In just a couple of short weeks, we’re off on the Return to Antikythera Expedition. This year’s project has been in development for over a year, and builds on work dating to the very early 20th century when the Bronze age wreck site was first discovered by Greek sponge divers.
Over the past several months, I have had the fortunate pleasure of working with the team members of this 2014 Antikythera Expedition including the Chief Scientist, Brendan Foley, his colleagues from the Hellenic Ministry of Culture, and representatives of the Greek Navy, training them on use of the Exosuit ADS for this year’s archaeological mission.
The mission for this fall – dive, dive, dive, and accumulate as many up close and personal hours on the wreck site as humanly possible. At depths of 60 to 100 meters, the site is indeed within more conventional reach, however productive bottom time for the working scientists has remained a bottleneck. The Exosuit will likely solve that problem, and afford unparalleled interpretation of the site by the team’s archaeologists to guide further detailed survey and excavation. It is anticipated that one week of Exosuit operations will provide for more bottom time at this site than has ever been conducted. That alone opens up the promise for new discoveries – perhaps even a new Antikythera Mechanism.
The Antikythera mechanism itself has been a focal point of study, and even an obsession, by scholars for more than a century, as it stands alone separated by over a thousand years of lost art before comparable innovations are reintroduced to modern civilization. Where did it come from?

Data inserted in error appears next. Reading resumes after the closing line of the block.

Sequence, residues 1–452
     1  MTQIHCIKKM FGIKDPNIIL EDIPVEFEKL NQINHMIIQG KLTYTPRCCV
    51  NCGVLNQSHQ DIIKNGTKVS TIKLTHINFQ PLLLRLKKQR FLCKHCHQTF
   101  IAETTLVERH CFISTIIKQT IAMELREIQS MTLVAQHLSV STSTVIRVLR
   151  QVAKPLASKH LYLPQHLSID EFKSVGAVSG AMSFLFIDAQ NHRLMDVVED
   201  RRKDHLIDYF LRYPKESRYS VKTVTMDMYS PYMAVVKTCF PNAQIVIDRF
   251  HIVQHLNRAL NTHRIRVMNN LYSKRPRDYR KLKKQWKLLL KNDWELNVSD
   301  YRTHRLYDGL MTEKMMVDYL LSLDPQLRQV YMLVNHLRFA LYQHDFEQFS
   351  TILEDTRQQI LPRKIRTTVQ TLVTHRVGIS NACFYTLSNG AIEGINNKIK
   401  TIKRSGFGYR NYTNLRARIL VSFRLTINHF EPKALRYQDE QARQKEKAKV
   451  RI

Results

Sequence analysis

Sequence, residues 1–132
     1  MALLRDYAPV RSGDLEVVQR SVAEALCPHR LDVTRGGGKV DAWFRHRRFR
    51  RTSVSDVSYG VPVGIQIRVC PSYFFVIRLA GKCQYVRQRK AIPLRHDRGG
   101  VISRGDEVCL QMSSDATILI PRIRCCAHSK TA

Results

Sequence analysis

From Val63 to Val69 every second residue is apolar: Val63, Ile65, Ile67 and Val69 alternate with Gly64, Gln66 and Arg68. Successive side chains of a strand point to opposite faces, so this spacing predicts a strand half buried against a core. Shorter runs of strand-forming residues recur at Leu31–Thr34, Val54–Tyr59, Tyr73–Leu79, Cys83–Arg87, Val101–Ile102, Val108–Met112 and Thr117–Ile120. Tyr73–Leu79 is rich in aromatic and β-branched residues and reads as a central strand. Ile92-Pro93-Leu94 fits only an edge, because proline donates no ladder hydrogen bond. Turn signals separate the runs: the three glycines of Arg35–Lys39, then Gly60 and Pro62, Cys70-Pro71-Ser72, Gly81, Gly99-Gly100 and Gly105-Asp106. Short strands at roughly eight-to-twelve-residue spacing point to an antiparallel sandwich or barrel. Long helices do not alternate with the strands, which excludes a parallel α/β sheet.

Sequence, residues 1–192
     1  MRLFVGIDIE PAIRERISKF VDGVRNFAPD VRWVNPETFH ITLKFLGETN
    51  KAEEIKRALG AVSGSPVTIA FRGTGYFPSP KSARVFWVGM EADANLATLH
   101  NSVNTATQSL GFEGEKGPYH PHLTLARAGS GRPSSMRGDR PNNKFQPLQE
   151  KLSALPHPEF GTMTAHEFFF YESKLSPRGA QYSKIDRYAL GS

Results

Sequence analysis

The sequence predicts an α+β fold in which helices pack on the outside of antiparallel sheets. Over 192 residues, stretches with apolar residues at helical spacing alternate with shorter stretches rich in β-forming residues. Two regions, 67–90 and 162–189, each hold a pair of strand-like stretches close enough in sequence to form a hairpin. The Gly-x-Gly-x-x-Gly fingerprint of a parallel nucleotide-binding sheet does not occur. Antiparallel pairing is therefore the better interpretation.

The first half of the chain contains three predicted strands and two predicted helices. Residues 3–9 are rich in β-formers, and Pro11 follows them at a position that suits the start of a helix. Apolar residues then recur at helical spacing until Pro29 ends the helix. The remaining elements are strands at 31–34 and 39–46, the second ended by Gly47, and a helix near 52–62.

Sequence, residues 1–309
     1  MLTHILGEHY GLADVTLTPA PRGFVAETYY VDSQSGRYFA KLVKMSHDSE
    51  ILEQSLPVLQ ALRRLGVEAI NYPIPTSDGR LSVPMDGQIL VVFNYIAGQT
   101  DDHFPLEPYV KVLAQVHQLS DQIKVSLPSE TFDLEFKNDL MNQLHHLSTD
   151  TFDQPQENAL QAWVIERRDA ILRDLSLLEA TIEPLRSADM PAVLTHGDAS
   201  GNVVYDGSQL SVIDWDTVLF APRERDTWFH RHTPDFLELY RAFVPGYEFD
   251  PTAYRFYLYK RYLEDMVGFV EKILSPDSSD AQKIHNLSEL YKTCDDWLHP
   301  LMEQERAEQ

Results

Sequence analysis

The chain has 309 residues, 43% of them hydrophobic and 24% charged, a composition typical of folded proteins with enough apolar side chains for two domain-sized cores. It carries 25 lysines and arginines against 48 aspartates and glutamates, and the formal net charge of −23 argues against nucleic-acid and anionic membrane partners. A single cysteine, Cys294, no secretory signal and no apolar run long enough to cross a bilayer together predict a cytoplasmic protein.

As our new friends at the Greek Navy have indicated, diving is a central element to Greek culture, and putting the Exosuit to work for the first time in Greece while expanding upon a lineage of archaeological work that so deeply impacts their cultural heritage, this project will likely resonate for decades. I am actually more excited about the social and cultural exchange on this expedition than the diving – and that’s a bold statement coming from yours truly.
More information can be found on the 2014 Return to Antikythera Expedition, and the history of Antikythera itself here:
The author acknowledges the J.F. White Contracting Company for reaching out to the science community to afford new opportunities for discovery with the Exosuit, and Hublot for their sponsorship of the Exosuit operation. More about the the Return to Antikythera Project can be found here: http://antikythera.whoi.edu/.